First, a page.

Some of the seams are finished by a type of overlock stitch that is sometimes seen on sportswear from the 1920s through the 40s.  There is not a label present, but I’m pretty sure these are from the 1930s.  Any later and a zipper would be used.  These could be early 40s, but not into the war years due to the use of leather.

My last pair is made from a stretch fabric, a blend of cotton and nylon.  Due to the stretch, the hips and thighs could be cut slimmer and still be comfortable for the rider.

The pants close at the hip with a metal zipper.  Note the loops for a belt.

The inside of the knees is reinforced with leather which was attached by the use of a zig-zag sewing stitch.

The bottoms of the legs open by metal zippers.

Best of all is the label, which told me the fiber content.  It also reveals that these were made in Japan, and there is an RN number.  The number does not tell when a garment was made, but because the RN system was first used in 1952, it can’t be older that that date.  A look at the RN data base does reveal that this number belonged to the Miller Harness Company, which had a store located on East 24th Street in New York.  According to an obituary of one of the owners, Jackie Kennedy was a customer.  I can see her wearing these breeches, and I’m quite sure these are from the 1960s.

I used to be determined to narrow down the exact dating of things, but often it just is not possible.  And when it comes to sports styles that were worn over a period of years, it is often just as useful to know the general dating.  At least that’s what I tell myself.

 

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Catalina Official All America Board of Football Sweater Vest, 1940s

If it were up to me, this label would read “Bored of Football” but then if everyone were like me there’d not be lots of old athletic sweaters to covet.  I’ll admit, I bought this mainly because I thought the label added a lot to the story.

As you can see, this sweater is official, of what though, I’m not entirely sure.  Googling brought up some vague references to a Board of Football helping to select the All American college players for each year.  Unfortunately, I soon got bored with the search and decided to just focus on the sweater.

Athletic letter sweaters are a fairly commonly found item.  Unfortunately, the moths often find them first, as I’ve found many that were nibbled beyond repair. There is a reason these are so common, as the letter sweater was a standard trophy for not only high school and college football players, but also for cheerleaders, basketball players, track runners and even band members.

Older athletic sweaters, before the mid 1930s or so, tend to be pullovers.  My 1936 Lowe & Campbell Athletic Goods catalog has both pullovers and cardigans, for both men and women.  They are called warm-up pullovers and coats.  Later athletic sweaters, from the late 1950s or so, are often made from acrylic yarn.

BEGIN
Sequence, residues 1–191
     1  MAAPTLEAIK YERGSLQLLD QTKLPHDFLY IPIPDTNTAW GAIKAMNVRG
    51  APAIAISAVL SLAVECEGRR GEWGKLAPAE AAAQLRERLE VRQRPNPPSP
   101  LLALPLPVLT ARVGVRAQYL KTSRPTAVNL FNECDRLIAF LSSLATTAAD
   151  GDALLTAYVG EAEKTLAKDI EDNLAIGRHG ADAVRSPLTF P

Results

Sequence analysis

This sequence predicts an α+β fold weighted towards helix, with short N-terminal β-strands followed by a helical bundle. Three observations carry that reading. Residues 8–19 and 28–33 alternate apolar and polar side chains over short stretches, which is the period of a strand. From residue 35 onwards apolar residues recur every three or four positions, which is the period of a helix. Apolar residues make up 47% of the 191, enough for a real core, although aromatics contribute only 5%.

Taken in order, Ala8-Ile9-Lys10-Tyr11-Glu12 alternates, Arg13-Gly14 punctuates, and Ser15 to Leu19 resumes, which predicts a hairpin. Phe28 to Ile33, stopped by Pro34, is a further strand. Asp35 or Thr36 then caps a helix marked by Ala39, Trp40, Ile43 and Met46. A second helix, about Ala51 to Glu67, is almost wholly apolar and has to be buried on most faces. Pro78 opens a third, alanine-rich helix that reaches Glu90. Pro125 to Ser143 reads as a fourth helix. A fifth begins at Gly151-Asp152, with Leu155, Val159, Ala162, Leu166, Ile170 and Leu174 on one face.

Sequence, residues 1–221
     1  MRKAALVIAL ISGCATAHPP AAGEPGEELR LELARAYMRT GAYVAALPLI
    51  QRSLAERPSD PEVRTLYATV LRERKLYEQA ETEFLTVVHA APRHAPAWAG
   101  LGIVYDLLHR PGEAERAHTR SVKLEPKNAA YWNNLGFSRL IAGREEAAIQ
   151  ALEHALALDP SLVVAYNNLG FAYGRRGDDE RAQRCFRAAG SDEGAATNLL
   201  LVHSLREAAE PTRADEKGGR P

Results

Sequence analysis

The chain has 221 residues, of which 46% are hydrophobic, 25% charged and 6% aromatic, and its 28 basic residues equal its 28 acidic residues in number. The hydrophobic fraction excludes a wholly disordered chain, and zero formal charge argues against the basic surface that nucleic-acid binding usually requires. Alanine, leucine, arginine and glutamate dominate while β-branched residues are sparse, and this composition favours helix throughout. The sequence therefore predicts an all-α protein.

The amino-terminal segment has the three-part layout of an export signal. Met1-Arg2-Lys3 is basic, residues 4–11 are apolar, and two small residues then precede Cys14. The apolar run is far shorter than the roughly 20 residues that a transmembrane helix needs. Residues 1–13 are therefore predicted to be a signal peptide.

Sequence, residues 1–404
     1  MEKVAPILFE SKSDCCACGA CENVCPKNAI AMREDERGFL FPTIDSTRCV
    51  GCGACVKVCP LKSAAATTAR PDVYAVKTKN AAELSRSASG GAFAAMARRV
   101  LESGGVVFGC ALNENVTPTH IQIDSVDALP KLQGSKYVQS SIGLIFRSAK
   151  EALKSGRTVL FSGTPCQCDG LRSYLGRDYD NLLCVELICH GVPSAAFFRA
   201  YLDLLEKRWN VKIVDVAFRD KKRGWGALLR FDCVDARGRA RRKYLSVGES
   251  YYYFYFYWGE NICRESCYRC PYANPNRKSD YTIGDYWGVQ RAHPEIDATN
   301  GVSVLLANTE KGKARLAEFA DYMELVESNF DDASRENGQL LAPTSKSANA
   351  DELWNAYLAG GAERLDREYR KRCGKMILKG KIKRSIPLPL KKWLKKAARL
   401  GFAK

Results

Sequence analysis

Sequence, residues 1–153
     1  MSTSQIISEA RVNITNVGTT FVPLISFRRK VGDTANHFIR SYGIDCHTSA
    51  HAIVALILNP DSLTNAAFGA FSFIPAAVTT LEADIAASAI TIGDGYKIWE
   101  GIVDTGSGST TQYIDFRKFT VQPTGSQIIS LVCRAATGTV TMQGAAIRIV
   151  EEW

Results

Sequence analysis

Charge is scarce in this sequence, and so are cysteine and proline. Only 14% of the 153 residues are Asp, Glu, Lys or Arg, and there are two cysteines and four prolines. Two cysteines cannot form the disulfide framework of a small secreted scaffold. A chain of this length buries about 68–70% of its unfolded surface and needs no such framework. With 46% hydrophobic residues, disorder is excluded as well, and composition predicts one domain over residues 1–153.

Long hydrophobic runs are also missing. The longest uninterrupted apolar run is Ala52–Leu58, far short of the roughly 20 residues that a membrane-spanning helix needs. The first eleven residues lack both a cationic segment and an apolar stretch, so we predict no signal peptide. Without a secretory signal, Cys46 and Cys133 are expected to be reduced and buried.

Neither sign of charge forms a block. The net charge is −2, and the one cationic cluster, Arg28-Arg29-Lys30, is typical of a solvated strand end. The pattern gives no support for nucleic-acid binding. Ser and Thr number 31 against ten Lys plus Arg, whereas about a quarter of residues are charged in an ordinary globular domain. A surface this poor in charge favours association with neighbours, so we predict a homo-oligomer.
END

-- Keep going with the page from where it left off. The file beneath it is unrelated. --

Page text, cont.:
It’s such a nice hefty knit.  My color here is wrong though.  The real color is what you see in the top photo.  I obviously have not mastered the art of color balance.

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Filed under Collecting, Sportswear, Winter Sports

1920s Spalding Ted Shirt

Last week I got to take in the big Liberty, NC Antiques Fair.  Actually it is more like a big flea market where most of the stuff is old.  It’s usually not the best place to find clothes because it is outside and some dealers don’t like to exhibit clothing out in the weather, but I have found some fabulous things there over the years.

The first booth I came to had the dealers still pulling bins of textiles off their truck.  There must have been over a dozen big plastic binds full of clothing and linens from the past 125 years.  According to the seller they cleaned out the clothing from an estate and this was everything in the house.  There was no rhyme or reason to the packing of the bins.  You might have one with Victorian underwear and 1940s kids’ clothes together.

So I settled in to go through all the bins, and I was rewarded with some really interesting items.  One was this shirt from sportswear maker, A.G. Spalding.  It looks a bit odd, kind of like a shirt with legs.  I knew I’d seen a similar one in an ad in a 1929 EveryGirl’s magazine.

As you can see, in this ad from Man O’ War, it was called a ted shirt, which I assume is a cross between a teddy and a shirt.  Even though it is shown without a bottom in the ad, I assume it would be worn with bloomers.

I think this ted shirt is also from the late 1920s, with the popular round collar that is also seen on dresses from this era.  Also, the label is very similar to another Spalding suit from the late Twenties that I have in my collection.

Note how the top of the opening is shaped like a V and fastens beneath the collar.

As in the ad, there are curved shirt tails.

It looks like the purpose of the ted shirt was to keep the tails of it neatly tucked inside the bloomers, rather like the bodysuit of the 1970s.